Kevin Harvick already had won three times this season, but it would be hard to argue against his runaway win Sunday at Dover International Speedway as his most dominant so far.
He won the 120-lap Stage 1 easily, did the same over the next 120 laps to win Stage 2 and then was the boldest and fastest driver on the track over the final 160 laps, beating Stewart-Haas Racing teammate Clint Bowyer by 7.450 seconds.
“Awesome weekend all around,” Harvick said over the in-car radio as he crossed the finish line. “Thank you guys so much.”
Mexico’s Daniel Suarez finished third, his best as a Monster Energy NASCAR Cup driver. Martin Truex Jr. and SHR’s Kurt Busch rounded out the top five.
“Definitely now we’re moving in the right direction,” said Suarez on FS1 after the race.
The only question for Harvick and his No. 4 Ford Fusion team was if a mechanical issue, the weather or a bad pit stop would throw a wrench into things.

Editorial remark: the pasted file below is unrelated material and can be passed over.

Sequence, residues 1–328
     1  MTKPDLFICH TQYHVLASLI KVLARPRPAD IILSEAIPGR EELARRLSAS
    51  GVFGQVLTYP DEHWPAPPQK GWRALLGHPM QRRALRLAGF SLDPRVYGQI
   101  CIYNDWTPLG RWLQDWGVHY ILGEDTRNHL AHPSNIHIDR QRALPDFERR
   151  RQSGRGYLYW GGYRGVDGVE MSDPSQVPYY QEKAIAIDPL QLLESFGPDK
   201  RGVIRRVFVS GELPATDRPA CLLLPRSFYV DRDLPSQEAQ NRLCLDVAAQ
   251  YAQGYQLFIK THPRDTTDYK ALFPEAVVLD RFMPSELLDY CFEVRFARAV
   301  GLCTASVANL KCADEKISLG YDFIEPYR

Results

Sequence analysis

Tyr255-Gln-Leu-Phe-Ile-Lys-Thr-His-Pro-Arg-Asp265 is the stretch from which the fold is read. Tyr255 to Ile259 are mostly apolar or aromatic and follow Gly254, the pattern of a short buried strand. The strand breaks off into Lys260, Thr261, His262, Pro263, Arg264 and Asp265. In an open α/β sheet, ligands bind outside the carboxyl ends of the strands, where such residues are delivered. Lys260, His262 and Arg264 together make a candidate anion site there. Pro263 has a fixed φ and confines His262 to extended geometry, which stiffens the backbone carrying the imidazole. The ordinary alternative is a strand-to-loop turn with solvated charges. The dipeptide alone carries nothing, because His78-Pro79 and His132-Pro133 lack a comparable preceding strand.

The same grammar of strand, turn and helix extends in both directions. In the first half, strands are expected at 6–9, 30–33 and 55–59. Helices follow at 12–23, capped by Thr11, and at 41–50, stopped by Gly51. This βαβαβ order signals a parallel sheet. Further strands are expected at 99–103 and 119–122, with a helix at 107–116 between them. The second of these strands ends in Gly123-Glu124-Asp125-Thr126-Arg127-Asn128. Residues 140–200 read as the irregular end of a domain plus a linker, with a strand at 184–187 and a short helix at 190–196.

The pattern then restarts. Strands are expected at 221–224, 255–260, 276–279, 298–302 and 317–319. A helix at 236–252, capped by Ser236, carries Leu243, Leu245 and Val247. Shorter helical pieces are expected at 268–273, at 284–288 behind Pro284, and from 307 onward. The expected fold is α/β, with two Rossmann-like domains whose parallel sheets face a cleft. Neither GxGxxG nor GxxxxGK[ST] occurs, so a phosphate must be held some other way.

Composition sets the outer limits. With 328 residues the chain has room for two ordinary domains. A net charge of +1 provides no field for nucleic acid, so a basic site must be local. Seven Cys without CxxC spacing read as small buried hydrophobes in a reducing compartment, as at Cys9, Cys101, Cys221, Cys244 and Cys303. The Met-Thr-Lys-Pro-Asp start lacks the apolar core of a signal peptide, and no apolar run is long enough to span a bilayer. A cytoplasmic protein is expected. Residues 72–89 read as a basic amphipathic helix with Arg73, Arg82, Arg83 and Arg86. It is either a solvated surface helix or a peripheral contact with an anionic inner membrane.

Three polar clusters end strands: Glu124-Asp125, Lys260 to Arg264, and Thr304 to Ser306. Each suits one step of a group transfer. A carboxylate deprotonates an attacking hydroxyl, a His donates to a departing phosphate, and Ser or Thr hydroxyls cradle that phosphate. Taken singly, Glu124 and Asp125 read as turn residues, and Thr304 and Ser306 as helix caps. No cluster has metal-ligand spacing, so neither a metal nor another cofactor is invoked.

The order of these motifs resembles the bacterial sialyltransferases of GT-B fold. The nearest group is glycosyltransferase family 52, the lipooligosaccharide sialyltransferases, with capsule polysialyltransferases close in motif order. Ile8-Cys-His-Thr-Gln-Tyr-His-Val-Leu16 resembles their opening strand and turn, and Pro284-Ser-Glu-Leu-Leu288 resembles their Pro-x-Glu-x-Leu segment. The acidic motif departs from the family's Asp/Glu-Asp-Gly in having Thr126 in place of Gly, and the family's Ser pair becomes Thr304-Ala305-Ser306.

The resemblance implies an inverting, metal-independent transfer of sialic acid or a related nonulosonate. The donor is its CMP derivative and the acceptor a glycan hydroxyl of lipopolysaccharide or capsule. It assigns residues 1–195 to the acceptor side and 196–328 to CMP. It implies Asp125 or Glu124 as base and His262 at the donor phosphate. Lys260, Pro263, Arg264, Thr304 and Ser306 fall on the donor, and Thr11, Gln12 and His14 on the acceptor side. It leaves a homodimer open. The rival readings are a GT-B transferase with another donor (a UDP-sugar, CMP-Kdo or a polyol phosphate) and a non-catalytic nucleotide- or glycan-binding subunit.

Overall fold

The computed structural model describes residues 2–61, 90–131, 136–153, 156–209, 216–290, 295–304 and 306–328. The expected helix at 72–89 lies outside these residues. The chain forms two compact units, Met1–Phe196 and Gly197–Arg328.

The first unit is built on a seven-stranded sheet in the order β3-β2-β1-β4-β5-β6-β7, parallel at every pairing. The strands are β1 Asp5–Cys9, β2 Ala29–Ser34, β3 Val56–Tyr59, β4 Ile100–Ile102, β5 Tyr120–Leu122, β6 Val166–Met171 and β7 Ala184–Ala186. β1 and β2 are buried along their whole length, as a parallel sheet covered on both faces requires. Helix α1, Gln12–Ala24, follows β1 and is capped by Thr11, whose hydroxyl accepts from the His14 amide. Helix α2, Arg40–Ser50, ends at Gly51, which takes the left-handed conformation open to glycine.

And Mother Nature did show up with a caution for rain with 85 laps to go with Bowyer in the lead, Harvick second, Joey Logano third, Truex fourth and Brad Keselowski rounding out the top five.
But after the 41-minute delay, Bowyer’s car began handling poorly, and Harvick was back in the lead with 62 to go with a pass on the outside.
The “Monster Mile” is notorious for eating up tires and collecting wrecked cars when grip suddenly gives way or those tires run flat.
It claimed its share of victims again Sunday as strategies centered on managing tire wear and fuel mileage.
Keselowski held the lead late in Stage 1 before giving it up to Harvick with 12 laps to go in the stage as Keselowski had to conserve fuel to make it to the end of the 120 laps.
On the cool-down laps after the stage before being allowed to pit, many drivers switched their engines off and on for fear of running out of fuel after most had pitted no later than Lap 25. Denny Hamlin, Erik Jones and Ryan Newman ran out.
Harvick proved to be the class of the field though 240 laps and the end of the second stage, winning Stage 2 going away over Keselowski.
Kyle Larson, who was supposed to start on the pole after running the best qualifying time Friday, had to start from the rear after his car failed prerace inspection three times. His car chief, David Bryant, was also ejected from the track for the infraction as per NASCAR rules. Larson battled back to finish ninth.